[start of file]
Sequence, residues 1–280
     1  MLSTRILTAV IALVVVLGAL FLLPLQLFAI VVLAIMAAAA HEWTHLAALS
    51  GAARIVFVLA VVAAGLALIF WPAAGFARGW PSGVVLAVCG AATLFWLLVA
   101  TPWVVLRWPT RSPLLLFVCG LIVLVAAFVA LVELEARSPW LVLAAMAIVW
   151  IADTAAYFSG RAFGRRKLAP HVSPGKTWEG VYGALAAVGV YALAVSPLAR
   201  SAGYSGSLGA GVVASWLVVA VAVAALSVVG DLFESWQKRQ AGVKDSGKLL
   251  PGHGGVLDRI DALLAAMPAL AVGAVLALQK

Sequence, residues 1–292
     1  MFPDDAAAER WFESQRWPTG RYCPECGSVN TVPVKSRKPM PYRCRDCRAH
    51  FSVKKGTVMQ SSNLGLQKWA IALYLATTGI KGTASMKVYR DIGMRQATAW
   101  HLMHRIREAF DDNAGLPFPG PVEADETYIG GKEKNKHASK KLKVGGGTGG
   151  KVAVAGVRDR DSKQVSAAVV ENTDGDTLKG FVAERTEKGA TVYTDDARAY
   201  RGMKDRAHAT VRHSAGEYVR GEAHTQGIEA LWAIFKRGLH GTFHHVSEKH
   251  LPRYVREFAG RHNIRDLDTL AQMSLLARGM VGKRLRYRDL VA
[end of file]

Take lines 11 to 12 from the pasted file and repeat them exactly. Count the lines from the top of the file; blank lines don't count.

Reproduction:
   101  HLMHRIREAF DDNAGLPFPG PVEADETYIG GKEKNKHASK KLKVGGGTGG
   151  KVAVAGVRDR DSKQVSAAVV ENTDGDTLKG FVAERTEKGA TVYTDDARAY